Efterklang, a quintet from Denmark, debuted with the EP
Springer (Rumraket, 2003 - Leaf, 2005), a collection of
madrigals for chamber ensemble and electronics.
The eight-minute Kloy Gyn is a tender lullaby that doesn't do much
more than build up slowly.
The seven-minute Antitech, sung in a dejected tone over romantic
piano notes and chaotic percussion, echoes film music from the Sixties.
Redrop is four minutes of pure psychedelic ecstasy.
The electronic effects also prevail in the six-minute Filmosonic XL,
that almost sounds like a sci-fi soundtrack.
Even when it stays closer to Earth, the music of Efterklang has an alien
element, mainly due to the lack of emotion in the playing and singing.
Mads Brauer, Casper Clausen, Rasmus Stolberg, pianist Rune Molgaard Fonseca,
percussionist Thomas Kirirath Husmer create an ambience for their simple
songs that is similar to Rachel's chamber
post-rock music, but the Danish quintet differs in two key ways:
it adds the human voice to the instrumental base, and the instrumental base
is not convoluted at all (in fact, quite melodic and linear).
The sense of melancholy is even stronger on the album
Tripper (Leaf, 2004), recorded by a ten-piece line-up that also included
trumpet and strings.
The songs are multifaceted, apparently repetitive but actually continuously
The ensemble employs an arsenal of instruments and voices to craft
gentle, melodic, sophisticated, electroacoustic whispered lieder
(not the grand symphonies that one would expect);
like the fragile piano-based elegy of Swarming, pivoting on the counterpoint of drum-machine and strings, and mutating into a simple lullabye with minimalist repetition;
like the solemn fanfare of Collecting Shields, the offspring of rhythmic invention (skittering beats) and choral chanting (when the beats end);
like the languid slo-core litany that emerges from
Doppelganger after a sonata for feeble piano notes and sustained violin notes and a wistful choir's interlude.
Collecting Shields feels like surfing on a feather. As the repeated lines of a children's choir intersects with an equally mechanic men's choir, minimalist patterns pop up everywhere.
There are many places where the ensemble appropriates the minimalist technique
(Monopolist sounds like an excerpt from a Philip Glass opera) but
sometimes it is a way to disguise a lack of melodic inspiration.
This album set a new standard for integrating orchestral arrangements,
digital sound effects and melodic vocal harmonies.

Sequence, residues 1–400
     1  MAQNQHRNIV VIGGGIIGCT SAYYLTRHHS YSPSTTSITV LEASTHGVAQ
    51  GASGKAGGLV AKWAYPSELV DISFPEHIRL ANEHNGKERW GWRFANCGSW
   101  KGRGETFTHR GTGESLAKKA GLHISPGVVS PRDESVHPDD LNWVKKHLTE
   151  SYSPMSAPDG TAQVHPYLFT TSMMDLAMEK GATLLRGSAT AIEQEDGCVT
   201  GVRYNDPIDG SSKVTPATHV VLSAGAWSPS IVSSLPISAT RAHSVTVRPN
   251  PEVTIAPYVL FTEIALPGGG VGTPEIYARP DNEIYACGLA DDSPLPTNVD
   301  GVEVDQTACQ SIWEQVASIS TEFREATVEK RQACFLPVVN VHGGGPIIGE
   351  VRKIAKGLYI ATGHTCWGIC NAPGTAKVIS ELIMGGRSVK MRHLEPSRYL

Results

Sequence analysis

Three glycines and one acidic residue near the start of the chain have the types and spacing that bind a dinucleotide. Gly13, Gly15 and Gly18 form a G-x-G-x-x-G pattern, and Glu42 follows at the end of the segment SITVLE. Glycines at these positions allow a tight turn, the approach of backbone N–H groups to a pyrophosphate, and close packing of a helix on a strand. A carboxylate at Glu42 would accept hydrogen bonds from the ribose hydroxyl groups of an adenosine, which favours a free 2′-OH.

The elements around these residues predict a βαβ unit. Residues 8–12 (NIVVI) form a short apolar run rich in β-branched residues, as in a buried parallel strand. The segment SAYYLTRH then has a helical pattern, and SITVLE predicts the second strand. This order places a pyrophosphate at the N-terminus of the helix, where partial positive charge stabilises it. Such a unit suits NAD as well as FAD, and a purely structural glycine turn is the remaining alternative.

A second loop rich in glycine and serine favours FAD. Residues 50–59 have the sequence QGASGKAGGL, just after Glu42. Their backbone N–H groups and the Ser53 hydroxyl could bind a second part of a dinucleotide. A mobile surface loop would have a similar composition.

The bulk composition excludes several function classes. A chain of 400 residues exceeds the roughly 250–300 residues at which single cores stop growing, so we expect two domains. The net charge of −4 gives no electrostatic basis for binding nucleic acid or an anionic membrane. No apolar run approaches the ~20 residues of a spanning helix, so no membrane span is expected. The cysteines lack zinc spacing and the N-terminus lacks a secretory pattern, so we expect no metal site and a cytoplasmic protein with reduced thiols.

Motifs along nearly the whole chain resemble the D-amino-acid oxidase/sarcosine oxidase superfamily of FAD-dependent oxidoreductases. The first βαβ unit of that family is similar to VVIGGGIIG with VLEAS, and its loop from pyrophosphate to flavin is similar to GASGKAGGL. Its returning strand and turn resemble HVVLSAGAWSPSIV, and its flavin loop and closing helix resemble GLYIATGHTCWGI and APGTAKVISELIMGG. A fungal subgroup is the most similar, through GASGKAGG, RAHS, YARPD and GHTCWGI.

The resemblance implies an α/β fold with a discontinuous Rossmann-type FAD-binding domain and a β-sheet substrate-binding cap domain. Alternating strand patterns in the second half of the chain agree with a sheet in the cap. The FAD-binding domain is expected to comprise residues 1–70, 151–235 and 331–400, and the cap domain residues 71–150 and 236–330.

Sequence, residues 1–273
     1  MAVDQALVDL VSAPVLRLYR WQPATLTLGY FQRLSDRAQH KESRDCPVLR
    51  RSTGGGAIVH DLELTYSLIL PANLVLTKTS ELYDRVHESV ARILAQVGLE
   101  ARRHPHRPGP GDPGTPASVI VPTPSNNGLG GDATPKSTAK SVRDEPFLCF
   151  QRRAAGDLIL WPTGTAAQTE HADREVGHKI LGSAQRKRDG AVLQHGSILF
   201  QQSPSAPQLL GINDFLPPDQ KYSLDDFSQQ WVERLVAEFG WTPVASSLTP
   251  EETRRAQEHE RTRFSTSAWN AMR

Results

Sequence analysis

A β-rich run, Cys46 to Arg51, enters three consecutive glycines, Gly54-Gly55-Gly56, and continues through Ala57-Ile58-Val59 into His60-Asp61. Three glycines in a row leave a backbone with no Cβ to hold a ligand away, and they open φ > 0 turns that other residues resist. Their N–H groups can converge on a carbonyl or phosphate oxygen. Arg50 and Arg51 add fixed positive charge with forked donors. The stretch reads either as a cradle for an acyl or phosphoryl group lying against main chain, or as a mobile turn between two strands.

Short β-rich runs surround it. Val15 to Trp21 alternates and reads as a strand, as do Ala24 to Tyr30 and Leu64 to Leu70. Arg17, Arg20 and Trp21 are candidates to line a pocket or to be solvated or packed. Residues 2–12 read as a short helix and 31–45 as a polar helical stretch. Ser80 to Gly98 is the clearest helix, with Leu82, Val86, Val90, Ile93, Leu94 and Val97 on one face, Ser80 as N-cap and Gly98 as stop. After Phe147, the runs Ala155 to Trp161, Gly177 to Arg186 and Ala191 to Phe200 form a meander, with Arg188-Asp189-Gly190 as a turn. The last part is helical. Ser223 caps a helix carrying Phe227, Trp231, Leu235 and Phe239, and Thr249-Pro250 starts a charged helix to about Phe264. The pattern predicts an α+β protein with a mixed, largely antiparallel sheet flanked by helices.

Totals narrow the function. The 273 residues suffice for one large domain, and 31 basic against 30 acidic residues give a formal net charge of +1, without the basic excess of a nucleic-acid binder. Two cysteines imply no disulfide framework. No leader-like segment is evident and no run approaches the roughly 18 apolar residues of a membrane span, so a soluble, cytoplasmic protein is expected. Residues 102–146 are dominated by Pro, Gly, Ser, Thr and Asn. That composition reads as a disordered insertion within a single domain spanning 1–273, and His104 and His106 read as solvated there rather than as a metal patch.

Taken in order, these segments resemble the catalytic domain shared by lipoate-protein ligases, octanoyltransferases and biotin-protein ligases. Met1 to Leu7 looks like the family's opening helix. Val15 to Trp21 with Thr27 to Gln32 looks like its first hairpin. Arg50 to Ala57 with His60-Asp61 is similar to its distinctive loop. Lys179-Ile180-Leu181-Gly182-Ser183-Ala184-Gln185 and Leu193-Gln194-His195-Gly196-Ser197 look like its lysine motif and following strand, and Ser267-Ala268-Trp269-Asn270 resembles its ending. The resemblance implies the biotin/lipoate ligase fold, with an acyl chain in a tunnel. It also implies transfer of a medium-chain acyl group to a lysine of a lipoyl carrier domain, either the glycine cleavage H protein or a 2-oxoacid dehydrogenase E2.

The three-song One Sided LP (2006) went against the main current of
the album with
their more abstract and purely atmospheric composition yet, and
Tu Es Mon Image, an impressionistic painting of cascading plinking notes
that turns into twinkling oneiric voyage.
The five-song EP Under Giant Trees (2007) is a demonstration of how to
ruin splendid music with terrible endings.
Falling Horses feels so fragile and it exudes sense of emptiness, but then
it drowns in a crescendo of deafening pomp.
Himmelbjerget is an unlikely balance of graceful and cold (with a female choir that sounds from the Pacific islands) until it explodes in a ruinous fanfare.
Jojo is typical of how they build up a symphonic crescendo and then don't know what to do with it.
The consolation prize is the pastoral, elegiac instrumental Hands Playing Butterfly.
Parades (2007) delivered on the premises of those experiments by
secreting chamber pop for elaborate arrangements.
Polygyne displays the full arsenal of tricks:
minimalist repetition (by the percussion, by the horns, by the strings), and
the call and response between the
ecstatic male singing and the celestial female choir.
When the repetition is minimized, the songs have to stand on their own merit,
and only a few succeed. Mirador, for example, does not go anywhere:
just confused vocal harmonies and interlocking strings.
Horseback Tenors, on the contrary, goes somewhere, but the destination
is odd, to say the least: a medieval dance blown out of proportion with
heavy metal bombast although performed with the amateurish aplomb of a
marching band. The choir is positively moving towards the operatic dimension,
but the results are closer to background muzak than to classical music.
The truth is that the choir has become a liability; not only predictable but
also so incredibly limited.
The one piece that succeeds is Illuminant, a sort of abstract psychedelic
Performing Parades (2009) documents
a live performance of the entire Parades album
by the Danish National Chamber Orchestra.
The grandeur that was missing from previous albums, but clearly feasible for
this ensemble, rained heavily on Magic Chairs (2010).
The much streamlined sound aimed for mass consumption, but ditties like
I Was Playing Drums sound like
minor XTC vignette, or adult contemporary muzak
Meanwhile, Mirror Mirror spins out the 1000th, 1001st and 1002nd minimalist pattern (piano, strings, choir); not exactly breathtaking.
The upbeat and catchy (and vaguely Caribbean) Scandinavian Love is the
least tedious song.
The concept album Piramida (2012), that used
field recordings from a Russian ghost town of the Arctic,
was more abstract and less pop.
However, the results are still tediously trivial.
The Ghost recalls
David Sylvian's Japan of the 1980s.
Told To Be Fine is another step towards
the adult dancefloor for middle-aged people who grew up with
Dreams Today tries to disguise the fact that it is playing the
2000th minimalist pattern by employing a 70-piece female choir.
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